Perhaps it's understandable that the beautifully articulated should want to lay claim to the virtues of articulacy. The pleasures of dance have somehow to be presented as pleasures of intellect before they can be defended or described. This isn't to argue that dance can't contain meaning, just that the meanings it offers are far less precise (and therefore more flexible for each member of the audience) than those contained in language. This is a freedom rather than a disability; it is dance's inarticulacy which gives it emotional power.
All of which presents problems if you are setting out to make an eight-part series about 'dance in world culture', one in which a huge range of talking heads will attempt to find acceptable subtitles for emotion in movement. By aiming for the emotions the first episode of Dancing (Sunday), BBC 2's latest cultural part-work, only compounded the difficulty; this introductory film aimed to give us some idea of 'what it feels like to dance'. For those with two left feet this was unwittingly conveyed by the early shot of a crowd of children dancing an ensemble number at the National Dance Institute of America. At the back, a single head bobbed out of time, a single arm rose as a wheatfield of arms fell. Whoever he was, he was unerring in error - he didn't even hit the beat by accident. This was more instructive about the pleasures of dance - its contradictory combination of intense physical discipline and physical liberty - than any amount of metaphysical vapouring.
To be fair, the American dancer Jacques d'Amboise kept his language simple, even infantile, making a nice point about the way in which a mother's heart conveys a beat and upbeat to an unborn baby 'swishing around in Mommy's tummy'. When he described his own performances, particularly those when he had transcended the ordinary routines, he was still in the nursery; 'I can still suck the thumb of the joys of those moments.' The words tried to lift the heart but just couldn't get a grip on a muscle which responds in a mysteriously illogical fashion to the movement of other muscles. Where 'The Power of Dance' matched its title was in details that reminded you that dance is a triumph of the body over the body's restrictions; a perfect corona of perspiration spinning from the brow of a pirouetting dancer; Irek Mukhamedov adjusting his weight slightly as he held Viviana Durante aloft.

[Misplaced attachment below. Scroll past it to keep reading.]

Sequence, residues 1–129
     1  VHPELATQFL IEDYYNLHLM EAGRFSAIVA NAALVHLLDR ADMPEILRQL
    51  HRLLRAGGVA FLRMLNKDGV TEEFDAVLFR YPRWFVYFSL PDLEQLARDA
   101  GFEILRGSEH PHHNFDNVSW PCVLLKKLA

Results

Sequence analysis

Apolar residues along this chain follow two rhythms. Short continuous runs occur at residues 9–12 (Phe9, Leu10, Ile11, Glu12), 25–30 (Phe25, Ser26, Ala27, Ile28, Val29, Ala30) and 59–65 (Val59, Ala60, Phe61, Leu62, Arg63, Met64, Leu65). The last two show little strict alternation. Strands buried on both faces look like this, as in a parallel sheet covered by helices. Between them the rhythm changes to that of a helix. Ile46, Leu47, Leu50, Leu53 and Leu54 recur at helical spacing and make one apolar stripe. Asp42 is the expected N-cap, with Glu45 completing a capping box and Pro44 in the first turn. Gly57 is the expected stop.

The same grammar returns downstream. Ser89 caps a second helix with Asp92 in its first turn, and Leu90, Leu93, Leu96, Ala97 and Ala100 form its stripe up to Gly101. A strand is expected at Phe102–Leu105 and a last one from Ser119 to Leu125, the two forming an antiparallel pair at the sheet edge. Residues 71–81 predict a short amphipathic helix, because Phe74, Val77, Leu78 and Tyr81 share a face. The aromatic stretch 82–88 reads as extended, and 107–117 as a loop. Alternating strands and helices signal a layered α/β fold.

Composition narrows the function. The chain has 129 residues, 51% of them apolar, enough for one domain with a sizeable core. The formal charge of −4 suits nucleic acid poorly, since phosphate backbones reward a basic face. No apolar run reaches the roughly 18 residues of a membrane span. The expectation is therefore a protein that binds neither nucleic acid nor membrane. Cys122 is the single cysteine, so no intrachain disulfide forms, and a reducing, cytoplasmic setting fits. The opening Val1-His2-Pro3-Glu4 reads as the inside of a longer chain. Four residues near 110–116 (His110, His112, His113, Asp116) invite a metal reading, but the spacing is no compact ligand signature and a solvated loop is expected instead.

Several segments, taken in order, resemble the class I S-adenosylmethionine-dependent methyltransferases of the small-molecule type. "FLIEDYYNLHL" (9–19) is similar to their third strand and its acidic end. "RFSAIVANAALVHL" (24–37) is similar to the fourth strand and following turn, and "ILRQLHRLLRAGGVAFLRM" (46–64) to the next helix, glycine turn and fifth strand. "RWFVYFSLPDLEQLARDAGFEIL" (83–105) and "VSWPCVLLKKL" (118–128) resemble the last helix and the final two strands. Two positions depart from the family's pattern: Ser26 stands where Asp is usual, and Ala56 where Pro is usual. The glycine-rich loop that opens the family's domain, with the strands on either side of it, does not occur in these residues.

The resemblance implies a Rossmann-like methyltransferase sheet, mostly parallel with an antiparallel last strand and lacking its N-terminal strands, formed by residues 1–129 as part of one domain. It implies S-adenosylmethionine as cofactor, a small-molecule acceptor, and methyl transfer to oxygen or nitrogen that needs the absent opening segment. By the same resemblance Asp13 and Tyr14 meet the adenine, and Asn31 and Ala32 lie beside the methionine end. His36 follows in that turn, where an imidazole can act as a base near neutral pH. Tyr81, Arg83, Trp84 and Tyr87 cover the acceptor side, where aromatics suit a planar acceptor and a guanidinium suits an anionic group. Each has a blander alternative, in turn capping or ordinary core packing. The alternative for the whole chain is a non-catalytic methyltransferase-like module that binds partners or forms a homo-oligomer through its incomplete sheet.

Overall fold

Dancing of a rather less elevated nature was available the previous night on The Sounds of the Seventies (BBC 1), though you might argue that dancing the cancan in 20-kilogram platform boots is an artistic achievement of sorts. This raid on the BBC's archives sounded like a good idea until you actually turned on, at which point you realised it sounded very bad indeed. The motive can only have been 'Lest we forget' - so many young people nowadays just don't care about the sacrifices made by the Punk generation, and this was a timely reminder of why the war had to be fought.
But nostalgia had an arm-lock on the weekend schedules; Channel 4 was re- broadcasting an early edition of Ready, Steady, Go and over on ITV Michael Aspel was wallowing in the Sixties in the company of a gathering of erstwhile swingers. The Trouble with the Sixties (Saturday) was obviously intended to be an anecdotal fireworks show, but Aspel had considerable difficulty lighting the blue touch-paper. At one point George Melly revealed that he and Jonathan Miller had sent a telegram of congratulations to Kenneth Tynan for saying 'fuck' on television. Aspel leant forward with a little smile of anticipation: 'What did you say in the telegram?' 'Oh . . . ,' said Melly. 'congratulations . . . ' Similarly, a little later we were shown murky archive footage of Mary Whitehouse railing against 'the dirtiest programme I have seen for some time'. 'Mary, what were you referring to?' asked Aspel, ever the professional feed. 'I haven't the faintest idea,' replied Mary. Robert Robinson made an honourable attempt to inject some interest, but most witnesses were called at such a pace that they had little time to reveal anything but their name and address and say that, yes, they had been there in the decade in question.
Marriage, declared a character in The Clothes in the Wardrobe (BBC 2, Sunday) consists of 'a few quiet moments, if you're lucky, and an occasional day which doesn't incite you to murder'. This was Lili (Jeanne Moreau), sweeping into the grey world of post-war Croydon, with a bracing dose of cynicism and exotic flair. The clever asperities of Alice Thomas Ellis's novel were nicely preserved by Waris Hussein's direction and Martin Sherman's screenplay, though nice is too genteel an adjective for a work so occupied with the merits of unrespectable behaviour. Lili arrives just in time, as it turns out, to save Margaret from an unsuitable marriage to Syl, wonderfully played by David Threlfall as a pub bore with a laugh like an airlock in the plumbing.
'I'm marrying a man that nobody likes,' moans Margaret weakly after overhearing a giggled joke at his expense, 'I thought it was just me.' The ceremony is finally averted after Lili contrives to lure him into vigorous fornication in the summer house, in front of the appalled gaze of the wedding party. It is virtually the only time that Margaret cracks a smile in the entire film.
This was no mean company, with Joan Plowright and Julie Walters on great form and even bit-parts going to actors as strong as Roger Lloyd Pack and Gwyneth Strong. But Jeanne Moreau stole the show. She had the best lines, it's true, but her wayward stresses gave them a wonderful added glamour and she was so captivating in the role that she made the seduction of a man some 30 years her junior seem not just credible but a little enviable, too.Reuse content